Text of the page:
Wednesday, January 25, 2006

coffee = thought

while drinking a cup of the late juan de dios blanco's 1st-place bolivian c.o.e. winner from andrew of ecco this morning (brewed in a chemex -- yum!), i took to thinking about this recent post on

why? because that screed seems more wrong to me every day. what is haunting me this morning is this statement:

"likewise, if you want to help coffee farmers and their kids, maybe the worst thing you could do is something that keeps them clinging to their unmechanized farm one generation longer. markets send 'signals' and you ignore those signals at your own peril."

if the market was working, this might be true. but the tragic case of juan de dios blanco i think proves exactly that the market is misfiring in coffee.

i'm not sure those "signals" can be trusted.

juan de dios blanco was apparently growing fantastic world-class quality coffee for a little while. in his acceptance speech to the c.o.e., he says that he couldn't participate last year because he didn't have the "possibilities."

he also states that this year, inspired by his neighbors who did compete, he improved his processing, and so he won. in short, he was a responsible entrepreneur -- he saw what his neighbors were doing to be competitive, and he matched their efforts to arrive and surpass their level.

so why haven't we heard of juan's coffee before? why was it "mistakenly" grouped with lesser-quality coffee?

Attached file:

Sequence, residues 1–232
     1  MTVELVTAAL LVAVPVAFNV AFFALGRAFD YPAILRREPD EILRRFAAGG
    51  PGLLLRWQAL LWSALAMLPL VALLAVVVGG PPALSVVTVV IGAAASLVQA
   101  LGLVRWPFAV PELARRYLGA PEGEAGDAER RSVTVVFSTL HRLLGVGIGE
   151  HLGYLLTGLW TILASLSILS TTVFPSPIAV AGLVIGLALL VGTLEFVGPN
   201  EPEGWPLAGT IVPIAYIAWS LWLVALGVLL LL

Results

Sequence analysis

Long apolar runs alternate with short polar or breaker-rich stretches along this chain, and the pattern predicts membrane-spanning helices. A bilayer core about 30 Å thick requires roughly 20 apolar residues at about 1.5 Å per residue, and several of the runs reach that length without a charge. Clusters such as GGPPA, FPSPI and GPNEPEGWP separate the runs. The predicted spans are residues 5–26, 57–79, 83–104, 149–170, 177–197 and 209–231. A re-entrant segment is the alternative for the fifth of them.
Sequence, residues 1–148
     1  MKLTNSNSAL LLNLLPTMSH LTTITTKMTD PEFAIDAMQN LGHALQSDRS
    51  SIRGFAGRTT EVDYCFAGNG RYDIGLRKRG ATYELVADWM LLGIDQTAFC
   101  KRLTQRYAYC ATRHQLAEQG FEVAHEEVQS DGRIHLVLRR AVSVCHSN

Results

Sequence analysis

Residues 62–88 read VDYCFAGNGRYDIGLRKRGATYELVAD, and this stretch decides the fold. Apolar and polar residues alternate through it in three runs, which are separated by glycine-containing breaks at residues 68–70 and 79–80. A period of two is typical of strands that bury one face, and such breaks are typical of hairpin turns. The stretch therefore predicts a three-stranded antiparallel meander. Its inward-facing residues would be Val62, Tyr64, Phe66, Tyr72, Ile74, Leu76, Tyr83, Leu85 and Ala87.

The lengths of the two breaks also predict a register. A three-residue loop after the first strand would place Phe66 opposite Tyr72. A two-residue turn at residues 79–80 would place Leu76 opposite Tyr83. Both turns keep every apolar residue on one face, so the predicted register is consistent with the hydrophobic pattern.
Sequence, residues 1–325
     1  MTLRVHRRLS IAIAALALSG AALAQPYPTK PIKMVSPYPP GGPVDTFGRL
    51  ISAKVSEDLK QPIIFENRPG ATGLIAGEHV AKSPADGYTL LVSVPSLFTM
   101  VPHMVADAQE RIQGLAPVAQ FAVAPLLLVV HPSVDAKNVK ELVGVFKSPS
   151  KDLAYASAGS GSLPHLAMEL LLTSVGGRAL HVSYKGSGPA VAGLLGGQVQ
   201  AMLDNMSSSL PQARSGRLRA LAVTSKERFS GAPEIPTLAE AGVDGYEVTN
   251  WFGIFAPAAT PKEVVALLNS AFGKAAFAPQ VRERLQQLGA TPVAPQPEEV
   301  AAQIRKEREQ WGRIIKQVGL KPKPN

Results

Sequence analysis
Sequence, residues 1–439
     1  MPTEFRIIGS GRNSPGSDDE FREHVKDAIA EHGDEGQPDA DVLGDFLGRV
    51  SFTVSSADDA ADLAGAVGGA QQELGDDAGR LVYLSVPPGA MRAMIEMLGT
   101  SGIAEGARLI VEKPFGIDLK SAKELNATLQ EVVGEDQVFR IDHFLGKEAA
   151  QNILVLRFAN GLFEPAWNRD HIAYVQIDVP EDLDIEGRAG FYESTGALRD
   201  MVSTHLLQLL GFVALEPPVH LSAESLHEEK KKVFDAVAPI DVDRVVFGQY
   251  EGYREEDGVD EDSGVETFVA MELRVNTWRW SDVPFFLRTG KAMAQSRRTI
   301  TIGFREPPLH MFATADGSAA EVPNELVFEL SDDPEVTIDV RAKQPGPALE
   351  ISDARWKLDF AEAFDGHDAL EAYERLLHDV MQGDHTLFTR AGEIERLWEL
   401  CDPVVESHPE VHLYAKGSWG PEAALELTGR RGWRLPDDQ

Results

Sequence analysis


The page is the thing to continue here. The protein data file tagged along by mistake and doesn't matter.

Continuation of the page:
i would argue it's a clear sign that in the coffee sector, the current market structure is failing big time.

if i may massively over-simplify, the job of the market and its "invisible hand" is to match buyers and sellers, to transparently allow them to discover a price/value, and to maintain the law of supply and demand. or so most economists say.

but the current coffee market lacked the mechanism to "find" juan's fantastic beans and value them properly. it took an extra-market program to do that, the cup of excellence.

li'l ol' me, the upscale specialty coffee consumer; andrew b., the artisan microroaster; and juan, the specialty coffee grower were all seeking each other. but we couldn't find each other, because the market isn't working for us.

once the cup of excellence allowed us all to finally find ourselves in an open auction space, juan and andrew discovered their price/value -- which was an astonishing US$12.55 a pound green for those 16 bags -- and now andrew and consumers like myself can engage in a retail transaction.

i believe a standard coffee bag in bolivia contains 70 k/154 lbs. of coffee. this means juan made about US$31,000 for his crop.

in impoverished bolivia -- it's 113 on the so-called "human development index" -- where the average income is just US$900 a year -- juan's US$31,000 was a significant sum.

with this mind, i absolutely have to disagree that keeping juan "clinging" to his land, as the comment above puts it, is a bad thing. if he and his family had left their farm for la paz in hopes of finding one of the scarcely-existent jobs in the capital, how would they have been better off?

the comment above assumes the inevitable obsolescence of juan and his unmechanized 4.5 hectacre farm. when in fact, it's producing competitive, world-class coffee.

it's just that for the first time that elements of a real, functioning market have been extended to juan, andrew, and myself. the obvious question is how many other juans are out there?

i bet many, many more. it's in everyone's interest -- including the middlemen who dictate the parameters of the current coffee market and who missed out on their chance to take a chunk of juan's deal -- to institute serious reform now.

posted by fortune | 8:13 AM | top | link to this | email this: | links to this post | | 1 comments

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